Eastern Ontario shows even more of the right STUFF

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Editor's Note

This article is sponsored by Great River Media.
Learn more about STUFF Made and Built in Eastern Ontario here.

From retooling to produce personal protective equipment (PPE) and hand sanitizer, to keeping the supply chain moving, local manufacturers and builders have stepped up during the COVID-19 pandemic. In fact, while many businesses have been hit hard, several regional manufacturers are expanding and looking to hire. 

That’s the underlying message behind the second issue of STUFF Made and Built in Eastern Ontario, an interactive digital and print publication and marketing campaign that explores opportunities in manufacturing and skilled trades in the region. The magazine showcases many of the exciting developments and opportunities in the sector. 

The 2020-21 edition highlights the fact that these industries are experiencing a skills shortage, especially with younger workers. The message and the stories of good-paying jobs and meaningful careers is not getting through.

STUFF 2020-21 helps bridge the information gap by conveying to a new generation of jobseekers, as well as those who may be facing a transition mid-career, that manufacturing and trades offer interesting and rewarding career opportunities in communities across Eastern Ontario.

“Unemployment is up because of the pandemic, and many people, including students, are wondering about their future,” says Terry Tyo, chief marketing officer at Great River Media, which publishes STUFF and other titles, including the Ottawa Business Journal. 

“We have so many incredible success stories locally that we wanted to bring together companies looking to hire, with people who perhaps haven’t considered the sector as a career choice.”

STUFF 2020-21 includes:

STUFF 2020-21 includes even more companies than the inaugural edition, profiling at least 35 and highlighting up to 40 others in a new directory. From Kingston to Renfrew County, Ottawa to Cornwall, exciting examples of Eastern Ontario’s manufacturing and building sectors are explored. 

The magazine also features two new partners: the Making it in Manufacturing Resource Network (MiiM) and the Eastern Ontario College Consortium (EOCC). 

Established by community and business partners to boost traditional and advanced manufacturing in Ottawa and the surrounding region, MiiM focuses on increasing awareness of local manufacturing capabilities, mapping its talent pathways and connecting regional stakeholders for collaboration.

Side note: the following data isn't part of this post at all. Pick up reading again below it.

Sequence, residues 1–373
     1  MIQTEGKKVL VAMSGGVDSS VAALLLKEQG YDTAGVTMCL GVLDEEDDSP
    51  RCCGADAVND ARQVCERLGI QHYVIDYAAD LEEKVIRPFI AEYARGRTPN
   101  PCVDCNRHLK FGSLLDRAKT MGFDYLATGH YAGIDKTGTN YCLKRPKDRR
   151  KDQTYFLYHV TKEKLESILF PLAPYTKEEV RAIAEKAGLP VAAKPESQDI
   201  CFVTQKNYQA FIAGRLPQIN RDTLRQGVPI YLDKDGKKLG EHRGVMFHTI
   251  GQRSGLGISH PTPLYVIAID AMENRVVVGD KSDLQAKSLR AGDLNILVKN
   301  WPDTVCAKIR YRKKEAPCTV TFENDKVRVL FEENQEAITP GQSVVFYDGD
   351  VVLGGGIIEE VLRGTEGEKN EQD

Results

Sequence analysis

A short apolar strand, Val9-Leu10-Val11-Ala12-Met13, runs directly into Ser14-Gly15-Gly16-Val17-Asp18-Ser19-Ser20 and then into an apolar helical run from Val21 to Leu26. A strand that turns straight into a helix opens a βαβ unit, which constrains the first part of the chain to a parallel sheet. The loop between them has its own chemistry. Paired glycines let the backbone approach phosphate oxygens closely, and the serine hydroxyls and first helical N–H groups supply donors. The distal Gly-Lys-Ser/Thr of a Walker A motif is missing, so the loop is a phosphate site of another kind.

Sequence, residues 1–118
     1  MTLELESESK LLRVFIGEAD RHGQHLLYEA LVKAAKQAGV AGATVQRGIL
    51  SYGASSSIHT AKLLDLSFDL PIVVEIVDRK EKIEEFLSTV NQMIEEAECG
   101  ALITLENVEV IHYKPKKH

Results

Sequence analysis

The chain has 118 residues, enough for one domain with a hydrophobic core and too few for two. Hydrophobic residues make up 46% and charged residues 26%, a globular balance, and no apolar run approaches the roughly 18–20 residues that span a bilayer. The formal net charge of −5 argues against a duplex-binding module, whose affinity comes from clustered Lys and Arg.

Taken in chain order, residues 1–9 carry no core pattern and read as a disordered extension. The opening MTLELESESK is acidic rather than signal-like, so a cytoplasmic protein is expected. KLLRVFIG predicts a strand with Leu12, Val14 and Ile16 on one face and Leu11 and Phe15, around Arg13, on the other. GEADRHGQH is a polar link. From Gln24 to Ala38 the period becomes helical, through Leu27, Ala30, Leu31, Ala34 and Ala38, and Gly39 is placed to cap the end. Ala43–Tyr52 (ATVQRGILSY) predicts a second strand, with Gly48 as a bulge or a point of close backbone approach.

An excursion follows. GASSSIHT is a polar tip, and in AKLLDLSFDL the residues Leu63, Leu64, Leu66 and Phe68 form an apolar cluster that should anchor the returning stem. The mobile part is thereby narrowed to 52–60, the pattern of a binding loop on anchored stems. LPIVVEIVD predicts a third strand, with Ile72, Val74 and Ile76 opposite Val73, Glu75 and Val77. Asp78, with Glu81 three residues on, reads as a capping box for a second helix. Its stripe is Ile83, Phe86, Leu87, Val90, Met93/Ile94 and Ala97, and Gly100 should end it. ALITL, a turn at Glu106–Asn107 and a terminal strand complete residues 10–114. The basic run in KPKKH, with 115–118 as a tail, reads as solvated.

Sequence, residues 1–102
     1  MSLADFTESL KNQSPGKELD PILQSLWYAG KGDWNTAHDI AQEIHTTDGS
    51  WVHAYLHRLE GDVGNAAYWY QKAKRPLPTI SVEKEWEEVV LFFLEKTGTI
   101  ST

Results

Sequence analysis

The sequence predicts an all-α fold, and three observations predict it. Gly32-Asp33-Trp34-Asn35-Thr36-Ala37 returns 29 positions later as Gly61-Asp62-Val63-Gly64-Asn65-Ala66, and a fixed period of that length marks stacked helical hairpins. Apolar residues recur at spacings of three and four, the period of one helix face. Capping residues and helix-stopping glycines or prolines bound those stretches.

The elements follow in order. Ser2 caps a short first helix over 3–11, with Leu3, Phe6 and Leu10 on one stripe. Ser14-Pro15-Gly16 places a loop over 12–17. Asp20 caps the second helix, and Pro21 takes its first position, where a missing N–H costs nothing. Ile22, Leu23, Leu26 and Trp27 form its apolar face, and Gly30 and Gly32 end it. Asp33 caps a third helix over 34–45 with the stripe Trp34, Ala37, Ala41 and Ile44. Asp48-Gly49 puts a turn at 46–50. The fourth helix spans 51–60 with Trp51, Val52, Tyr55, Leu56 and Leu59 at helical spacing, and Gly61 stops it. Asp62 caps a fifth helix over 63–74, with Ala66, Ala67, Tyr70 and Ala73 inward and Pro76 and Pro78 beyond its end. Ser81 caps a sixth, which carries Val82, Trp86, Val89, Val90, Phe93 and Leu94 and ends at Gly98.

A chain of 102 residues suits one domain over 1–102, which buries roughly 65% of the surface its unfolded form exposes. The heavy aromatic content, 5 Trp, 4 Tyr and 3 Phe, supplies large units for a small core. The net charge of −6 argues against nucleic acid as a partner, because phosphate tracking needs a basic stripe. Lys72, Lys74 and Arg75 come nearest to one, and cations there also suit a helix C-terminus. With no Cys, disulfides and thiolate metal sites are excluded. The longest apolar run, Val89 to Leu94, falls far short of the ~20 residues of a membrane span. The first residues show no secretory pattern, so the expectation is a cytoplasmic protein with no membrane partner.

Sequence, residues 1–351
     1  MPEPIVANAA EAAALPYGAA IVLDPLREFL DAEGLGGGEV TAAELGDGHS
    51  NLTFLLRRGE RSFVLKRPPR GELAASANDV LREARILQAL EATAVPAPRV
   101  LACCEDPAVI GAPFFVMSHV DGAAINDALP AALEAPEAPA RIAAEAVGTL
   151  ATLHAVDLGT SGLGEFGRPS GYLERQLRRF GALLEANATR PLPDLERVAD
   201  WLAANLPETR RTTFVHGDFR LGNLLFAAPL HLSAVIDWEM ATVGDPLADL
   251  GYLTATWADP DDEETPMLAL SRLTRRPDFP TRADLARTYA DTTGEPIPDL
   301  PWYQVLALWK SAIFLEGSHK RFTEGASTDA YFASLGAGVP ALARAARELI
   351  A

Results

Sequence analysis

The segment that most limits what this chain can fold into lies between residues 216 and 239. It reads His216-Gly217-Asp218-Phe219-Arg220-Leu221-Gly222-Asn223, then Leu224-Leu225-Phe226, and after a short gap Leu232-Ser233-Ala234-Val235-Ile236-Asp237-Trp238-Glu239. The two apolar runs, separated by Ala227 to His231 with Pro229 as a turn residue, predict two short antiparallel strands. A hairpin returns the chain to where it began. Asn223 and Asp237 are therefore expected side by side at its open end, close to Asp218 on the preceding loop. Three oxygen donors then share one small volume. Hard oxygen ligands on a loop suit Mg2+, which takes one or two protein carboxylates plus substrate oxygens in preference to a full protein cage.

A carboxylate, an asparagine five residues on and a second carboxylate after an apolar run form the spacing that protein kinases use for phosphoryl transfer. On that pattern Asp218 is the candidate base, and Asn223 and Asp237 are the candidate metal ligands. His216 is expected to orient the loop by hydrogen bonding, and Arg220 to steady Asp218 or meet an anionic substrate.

EOCC consists of Algonquin, Fleming, St. Lawrence, La Cité and Loyalist colleges, and delivers an exciting new Skills Advance Ontario project for the steel and aluminum manufacturing and metal fabrication sector in Ontario. 

“COVID-19 has, for companies and governments, underscored the importance of protecting their supply chains – not just from pandemics, but from international competition, and from protectionist behaviours by foreign governments,” says Kathyrn Leroux, acting executive director of business development at MiiM. 

“Now more than ever, it is important that we make products in Ontario and shine a light on those successful companies who are doing just that, whether it’s masks or metals, sanitizer or cell phone towers.” 

MiiM and EOCC join the Ottawa Employment Hub (OEH) and the Ottawa-Carleton District School Board (OCDSB) in partnering with Great River Media to produce STUFF. OEH is a local workforce planning board that gathers and shares data on the local labour market to identify and meet current and emerging skills needs. OCDSB has a program called the Specialist High Skills Major (SHSM), which develops skills with on-hand learning and offers industry-recognized certifications.

Project supporters include the City of Cornwall, the City of Kingston and the County of Renfrew. With their help, STUFF will reach all areas in the Eastern Ontario region. The magazine will be directly distributed to students at trade/vocational schools, community colleges and universities, guidance counsellors and SHSM students in high schools. It will also be distributed to regional workforce organizations and employment offices, plus more than 300 business outlets.